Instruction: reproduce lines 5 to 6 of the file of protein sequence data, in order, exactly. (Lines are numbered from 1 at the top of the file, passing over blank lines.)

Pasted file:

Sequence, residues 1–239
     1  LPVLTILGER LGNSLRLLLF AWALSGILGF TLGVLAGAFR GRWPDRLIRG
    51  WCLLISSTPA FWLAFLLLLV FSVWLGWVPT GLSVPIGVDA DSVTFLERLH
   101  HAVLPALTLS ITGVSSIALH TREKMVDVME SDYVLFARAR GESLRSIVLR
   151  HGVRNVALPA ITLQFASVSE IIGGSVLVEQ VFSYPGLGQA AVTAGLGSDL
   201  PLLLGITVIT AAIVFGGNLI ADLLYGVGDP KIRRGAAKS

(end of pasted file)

   151  HGVRNVALPA ITLQFASVSE IIGGSVLVEQ VFSYPGLGQA AVTAGLGSDL
   201  PLLLGITVIT AAIVFGGNLI ADLLYGVGDP KIRRGAAKS